Nils Lofgren – Face the Music Box Set (ALBUM REVIEW)


nilslofgrenFace the Music makes an ever so convincing case for Nils Lofgren as the unsung hero of  contemporary American rock and roll. Documenting his forty-five year career in great detail through music, video, text and photos, this uniquely-designed ten-disc box set portrays the multi-instrumentalist and songwriter as a self-motivated artist on his own terms as well as an empathetic collaborator.

Lofgren has been a true underground artist for much of his career  The nuance within the musicianship and composition of the work he did with his first band, Grin, may well have been its downfall as in songs such as “Like Rain” and “Everyone’s Missing the Sun,” he transcends the lowest common denominator. Lofgren stretches the boundaries of structure and content, on cuts such as “Outlaw” decorated by piano and understated guitar, then engages in the wide-open propulsion of “White Lies,” where acoustic guitars mesh with electric in a quantum leap in production  sophistication from the Grin sequel 1+1.

The rescue of material off all four of that group’s titles, including All Out and Gone Crazy, legitimizes Face the Music, simultaneously positing Nils Lofgren as an honest, focused autobiographer. While the original recordings captured the subtlety of layered tracks like “Moon Tears” the mastering of the recordings in this box preserves a clarity reflective of Lofgren’s own focus on his work. Such a singular state of mind epitomized his eponymous solo album including “Back It Up” and “I Don’t Want to Know,” (here in a version taken from the much-sought after Live Bootleg) that should’ve propelled him along a career arc high and wide as his grasp of writing, arranging and playing.

But the incorporation of varied production values on subsequent projects, the earliest ones like Cry Tough overseen by the likes of Blood Sweat & Tears founder and Dylan sideman Al Kooper, only served to dilute Lofgren’s personality. Still, his ability to forge a group sensibility out of varied instrumental lineups served as the further proving ground for his eventual enlistment as a sideman when the call came from Neil Young (in followup to Lofgren’s insistent backstage introduction) and Bruce Springsteen at various junctures of Nils’ career. Yet, even as the production of his recordings became generic, his effervescent personality remained in his singing and much of his songwriting. In addition, once you’ve hear him twirling off one of his patented guitar solos such as the one on “Empty Heart,” it’s hard to accept a saxophone solo instead, even if it’s played by a bonafide jazz-master like David Sanborn on “A Fool Like Me”(a songwriting collaboration with Lou Reed, one of many such partnerships documented on Face the Music).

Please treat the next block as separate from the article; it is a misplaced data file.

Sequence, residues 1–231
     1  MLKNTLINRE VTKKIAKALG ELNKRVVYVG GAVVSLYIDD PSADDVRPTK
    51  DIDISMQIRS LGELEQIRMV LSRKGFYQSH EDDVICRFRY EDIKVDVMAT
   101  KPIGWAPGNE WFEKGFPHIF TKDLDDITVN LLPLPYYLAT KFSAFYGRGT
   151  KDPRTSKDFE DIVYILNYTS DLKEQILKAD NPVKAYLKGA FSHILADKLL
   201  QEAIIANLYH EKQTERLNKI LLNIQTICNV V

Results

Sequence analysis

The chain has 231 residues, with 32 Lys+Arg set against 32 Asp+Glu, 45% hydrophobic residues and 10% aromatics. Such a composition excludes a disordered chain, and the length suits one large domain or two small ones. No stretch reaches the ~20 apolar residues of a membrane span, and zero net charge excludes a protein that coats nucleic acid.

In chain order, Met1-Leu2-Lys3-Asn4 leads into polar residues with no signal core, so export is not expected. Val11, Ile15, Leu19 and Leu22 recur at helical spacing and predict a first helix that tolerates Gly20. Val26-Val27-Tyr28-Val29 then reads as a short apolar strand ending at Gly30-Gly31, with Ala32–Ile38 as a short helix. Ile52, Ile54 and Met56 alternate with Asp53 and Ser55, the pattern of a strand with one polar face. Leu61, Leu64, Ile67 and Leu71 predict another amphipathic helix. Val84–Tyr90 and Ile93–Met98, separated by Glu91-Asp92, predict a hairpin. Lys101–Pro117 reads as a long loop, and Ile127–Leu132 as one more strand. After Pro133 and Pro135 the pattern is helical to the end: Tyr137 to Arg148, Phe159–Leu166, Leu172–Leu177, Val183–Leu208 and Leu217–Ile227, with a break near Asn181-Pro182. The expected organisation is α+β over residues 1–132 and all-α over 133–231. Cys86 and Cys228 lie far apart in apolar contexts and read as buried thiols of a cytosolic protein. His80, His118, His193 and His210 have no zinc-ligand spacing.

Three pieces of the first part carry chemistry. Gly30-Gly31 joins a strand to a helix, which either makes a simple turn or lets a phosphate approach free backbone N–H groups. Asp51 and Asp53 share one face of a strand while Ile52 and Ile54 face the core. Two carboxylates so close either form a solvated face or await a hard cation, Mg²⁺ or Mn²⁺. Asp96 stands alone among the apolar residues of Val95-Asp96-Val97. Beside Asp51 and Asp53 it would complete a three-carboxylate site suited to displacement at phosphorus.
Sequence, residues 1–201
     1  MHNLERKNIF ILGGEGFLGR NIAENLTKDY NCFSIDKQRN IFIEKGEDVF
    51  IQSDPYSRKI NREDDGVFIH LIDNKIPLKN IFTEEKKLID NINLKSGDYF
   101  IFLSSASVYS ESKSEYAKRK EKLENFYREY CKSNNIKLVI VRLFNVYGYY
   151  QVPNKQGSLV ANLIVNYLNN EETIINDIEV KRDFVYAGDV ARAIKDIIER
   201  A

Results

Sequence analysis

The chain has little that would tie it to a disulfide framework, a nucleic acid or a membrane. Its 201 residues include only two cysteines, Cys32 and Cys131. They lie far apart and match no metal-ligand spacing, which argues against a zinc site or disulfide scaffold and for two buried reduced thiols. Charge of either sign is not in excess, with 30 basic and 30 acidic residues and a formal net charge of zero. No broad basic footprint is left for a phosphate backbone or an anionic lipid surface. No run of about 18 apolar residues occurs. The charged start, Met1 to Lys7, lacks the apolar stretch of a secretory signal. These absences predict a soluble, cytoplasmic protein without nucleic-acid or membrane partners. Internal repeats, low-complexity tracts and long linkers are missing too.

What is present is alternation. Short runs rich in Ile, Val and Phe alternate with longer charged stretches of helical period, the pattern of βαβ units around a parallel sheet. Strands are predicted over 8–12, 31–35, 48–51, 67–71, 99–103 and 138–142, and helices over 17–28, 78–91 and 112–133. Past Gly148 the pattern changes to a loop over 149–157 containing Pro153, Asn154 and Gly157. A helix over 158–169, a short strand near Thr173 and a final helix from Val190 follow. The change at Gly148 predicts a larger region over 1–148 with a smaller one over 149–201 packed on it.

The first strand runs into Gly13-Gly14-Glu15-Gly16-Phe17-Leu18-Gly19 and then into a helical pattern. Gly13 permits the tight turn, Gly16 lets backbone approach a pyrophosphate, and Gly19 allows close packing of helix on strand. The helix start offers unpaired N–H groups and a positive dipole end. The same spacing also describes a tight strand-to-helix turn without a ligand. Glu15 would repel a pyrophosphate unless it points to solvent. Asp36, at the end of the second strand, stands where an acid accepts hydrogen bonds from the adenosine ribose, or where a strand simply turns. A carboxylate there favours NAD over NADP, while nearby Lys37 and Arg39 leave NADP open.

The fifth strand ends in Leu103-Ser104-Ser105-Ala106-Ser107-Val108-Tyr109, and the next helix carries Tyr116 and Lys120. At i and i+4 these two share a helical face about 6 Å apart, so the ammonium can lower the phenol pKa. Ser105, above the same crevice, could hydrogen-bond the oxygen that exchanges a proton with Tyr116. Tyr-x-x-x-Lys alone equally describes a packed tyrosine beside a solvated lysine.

No such homogeneity afflicts the extensive liner notes in the one-hundred thirty-eight page book here. Ranging from anecdotes about Young’s Tonight’s the Night sessions to mere asides on his tours with Springsteen (evidence of Lofgren’s modesty) plus detailed insight into the individual songs and the atmosphere in which they were written and recorded, this content amounts to a multi-perspective autobiography from a true team player whose story deserves being told but even more so experienced first hand

The inclusion of an assortment of rarities for Face the Music isn’t relegated to demos or otherwise unreleased content either. Nils maintains the scope of the project by weaving selections from one-off projects like original music composed for the 1993 motion picture Every Breath, contributions to an homage to ‘The Boss’ and leadership of the All-(John) Madden Band, each of which evinces the full engagement of the artist himself and those he enlists to work with. As with the various solo albums, Lofgren’s imitable phrasing earmarks tracks such as “Misery” with the personal imprimatur of a musician who never sounds like he’s going through the motions.

Moving sequentially through Face the Music up to and through the DVD instills the distinct impression Nils Lofgren has very astutely paced the set like the savvy musician that he has learned to be. CD’s seven and eight offer a healthy clutch of familiar material such as “Keith Don’t Go,” in alternate versions that nevertheless reinforce the impact of the preceding discs. The increasingly intense progression of tracks piques the curiosity and elevates the need to watch the twenty videos here which, thankfully, are mostly comprised of stage performances rather than conceptual pieces.

A mere smattering of footage featuring Springsteen and the E-Streeters is enough to confirm Lofgren’s front and center often enough to provide crowd-pleasing antics as much as fulfill the role of an instrumental MVP. A series of latter day pieces including selections from a tribute concert and the Grin reunion impresses with Nils’ retention of his inimitable guitar style and while a mini-documentary slash interview for AARP is worth seeing as it reveals the germination of the man’s tap-dancing on the live “Dream Big” included early in the DVD, its appearance at the conclusion of Face the Music turns it into an apt metaphor not only Nils Lofgren’s independence, but his resourceful approach to his vocation.

Those virtues, in combination with his very unique station in contemporary rock history, reside at the heart of the conception and execution of this collection and thus make Face the Music far more valuable than many of this (or any other holiday) season’s so-called gift items.

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One Response

  1. the first time I saw Nils in concert, he was opening for Delaney & Bonnie and friends.
    i remember what an great guitar player he was, he blew the crowd away by doing flips on a mini trampoline while playing
    must have been in 69 or 70

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